Sachin Shah

Investing in and telling the stories of Australia’s most ambitious founders
Investor
@
AirTree

What was your journey to joining your current company?

My journey into the “startup” world started pretty early. My Dad has constantly been trying to start businesses from as early as I can remember. I also worked at a couple of startups whilst studying at Uni.

I always had a hypothesis that I wanted to make a social impact (I even thought about becoming a human rights lawyer). I ended up working with a few startups to validate this - I helped my dad start a disability tech business, and then started a tech podcast with my best mate.

When I had finished studying, I had done an internship with Deloitte digital, making VR headsets for kids in rural areas. I actually really enjoyed this experience, and the culture was really different to what I expected - I was inspired by the people here and so I thought I’d stay a little longer.

I’m now at AirTree as an Investor and you could say I kind of fell into it by luck. We (my best mate and I) had built a relationship with one of the partners at AirTree who we were potentially bringing on as an advisor to our angel investing syndicate. At the time, AirTree was also recruiting for an investor role.

There were definitely aspects of consulting I was frustrated with so I went into this with a pretty open mind. I was frustrated by how slow you progress in consulting (I don’t like hierarchies) and I liked how in investing, you could bring your own flair to the role. That’s the kind of autonomy I wanted.

I also liked how AirTree cared about what interesting things you’ve done outside of work and what broader perspectives you bring to the table. In my time I haven’t seen a lot of employers seriously consider this and so I thought this was special.

What about it makes it your dream company?

AirTree has the most high performing culture I’ve seen. But what makes it special is that it has a mix of extremely intelligent and passionate people, who ultimately know how to switch off and have interesting lives outside of work. 

It’s a place where you can grow really fast, but at a pace that is actually sustainable overtime, and where you don’t have to pick one or the other.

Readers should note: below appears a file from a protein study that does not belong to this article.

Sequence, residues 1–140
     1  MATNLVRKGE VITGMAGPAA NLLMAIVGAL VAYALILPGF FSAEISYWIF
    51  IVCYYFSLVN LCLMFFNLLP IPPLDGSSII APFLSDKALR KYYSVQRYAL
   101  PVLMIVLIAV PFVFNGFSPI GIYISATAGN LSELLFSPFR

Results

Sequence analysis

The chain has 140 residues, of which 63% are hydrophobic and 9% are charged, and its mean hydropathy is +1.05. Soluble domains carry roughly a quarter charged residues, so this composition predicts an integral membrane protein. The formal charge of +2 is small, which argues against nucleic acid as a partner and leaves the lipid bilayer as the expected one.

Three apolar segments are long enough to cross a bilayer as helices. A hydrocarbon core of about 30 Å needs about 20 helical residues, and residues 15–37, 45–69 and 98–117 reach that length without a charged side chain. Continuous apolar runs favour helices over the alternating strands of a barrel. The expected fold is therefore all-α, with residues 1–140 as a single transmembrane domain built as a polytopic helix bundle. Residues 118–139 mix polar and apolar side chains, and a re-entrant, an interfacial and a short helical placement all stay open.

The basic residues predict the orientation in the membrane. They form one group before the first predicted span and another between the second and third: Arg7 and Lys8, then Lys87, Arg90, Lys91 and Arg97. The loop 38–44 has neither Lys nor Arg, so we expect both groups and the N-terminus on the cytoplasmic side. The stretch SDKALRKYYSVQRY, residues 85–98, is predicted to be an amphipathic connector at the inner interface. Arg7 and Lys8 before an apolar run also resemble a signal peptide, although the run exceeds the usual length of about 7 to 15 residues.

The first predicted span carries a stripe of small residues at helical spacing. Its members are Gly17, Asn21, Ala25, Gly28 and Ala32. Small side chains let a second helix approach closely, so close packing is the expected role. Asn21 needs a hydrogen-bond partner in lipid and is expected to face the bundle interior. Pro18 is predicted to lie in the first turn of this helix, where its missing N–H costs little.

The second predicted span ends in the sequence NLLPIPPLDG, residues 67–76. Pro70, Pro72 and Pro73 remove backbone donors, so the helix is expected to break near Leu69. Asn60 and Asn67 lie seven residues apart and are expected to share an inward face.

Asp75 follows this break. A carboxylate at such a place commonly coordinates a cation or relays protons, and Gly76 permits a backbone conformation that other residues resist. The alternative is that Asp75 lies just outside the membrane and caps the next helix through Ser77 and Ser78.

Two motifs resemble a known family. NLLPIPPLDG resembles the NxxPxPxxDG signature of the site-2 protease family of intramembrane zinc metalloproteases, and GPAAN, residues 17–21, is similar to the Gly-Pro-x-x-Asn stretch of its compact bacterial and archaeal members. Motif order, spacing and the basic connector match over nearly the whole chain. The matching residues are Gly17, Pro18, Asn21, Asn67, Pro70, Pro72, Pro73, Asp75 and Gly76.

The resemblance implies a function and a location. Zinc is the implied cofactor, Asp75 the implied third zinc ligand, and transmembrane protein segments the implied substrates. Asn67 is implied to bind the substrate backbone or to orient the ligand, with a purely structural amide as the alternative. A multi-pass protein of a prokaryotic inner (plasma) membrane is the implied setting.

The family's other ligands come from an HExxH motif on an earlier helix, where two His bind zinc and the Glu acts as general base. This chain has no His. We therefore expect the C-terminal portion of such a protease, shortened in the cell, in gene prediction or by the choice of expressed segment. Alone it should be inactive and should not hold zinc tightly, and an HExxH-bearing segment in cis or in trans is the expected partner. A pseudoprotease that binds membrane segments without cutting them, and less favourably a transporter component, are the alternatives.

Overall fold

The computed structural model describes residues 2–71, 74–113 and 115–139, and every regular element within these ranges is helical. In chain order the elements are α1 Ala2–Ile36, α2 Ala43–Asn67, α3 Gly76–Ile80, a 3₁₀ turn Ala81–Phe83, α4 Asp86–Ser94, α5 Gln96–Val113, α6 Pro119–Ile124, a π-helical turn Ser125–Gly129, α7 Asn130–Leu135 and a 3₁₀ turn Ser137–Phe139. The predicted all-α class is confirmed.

The work is insanely interesting – I thought I could only talk to interesting people through my podcast but now I’m doing this day in and day out in my role. From meeting founders sending satellites to space to researchers finding better ways to identify cancerous cells. 

There’s also a strong focus on community – e.g., women founders, the next generation of entrepreneurs.

It’s definitely a special company at a special time in Australia’s startup history.

What stands out the most about the culture? 

If I’m comparing it to my past life in consulting – it has to be that everyone has time for you. Previously, I felt like people were busy all the time. And whilst people work really hard at AirTree, something I’ve loved is that every Tuesday we have a team lunch and everyone is present. Thursday is also a fun day where we spend time as a team to celebrate weekly wins.

I think it comes down to the fact that the commodity isn’t the employee’s time. In investing, the commodity is the capital invested. Things are more “scalable” than what you can do in consulting, which is typically billed by a person’s hourly rate.

We could be making decisions of $40m cheques that ultimately last for 8 years, so you have to be intentional with your decisions.

How would you describe your role to a 5 year old?

We give money to really interesting Tech companies in Australia, so they can grow bigger and do more amazing things. Then, when those companies make more money, we give some of it back to the people who gave us the money in the first place. 

What does your day-to-day look like? 

Particularly as an associate – you’ll be spending your time across 4 categories: 

  1. Sourcing deals (talking to lots of different founders)
  2. Picking companies for due diligence (market research, modelling)
  3. Providing portfolio support 
  4. Doing internal brand/ community building.

I’d probably spend 50% of my time in #1, 30% of my time in #2 and the rest in #4.

What does career progression/promotion look like for you?

At AirTree, most of us are “investment managers” and the pathway is to get to Principal. But, there are no hierarchies along the way – the levelling is less important for us. It’s more about having skills, personal brand and confidence to lead a deal by yourself from start to finish by the time you’re a Principal.

As a rule of thumb, it might take about 2-4 years to get to Principal. 

What advice do you have for someone thinking about joining a VC fund?

  • Be prepared for a steep growth trajectory. You’ll always feel like you’re underwater but you’ll need to learn to be comfortable with this.
  • Be prepared for a lot of autonomy. It may feel awkward especially if you’re coming from consulting, but use autonomy to bring your own flare, flavour and zone of genius.
  • Be prepared to be part of a great community. There are meetups every night, lots of parties in Tech. So compared to other careers, it can be all encompassing but there’s also a beauty to it

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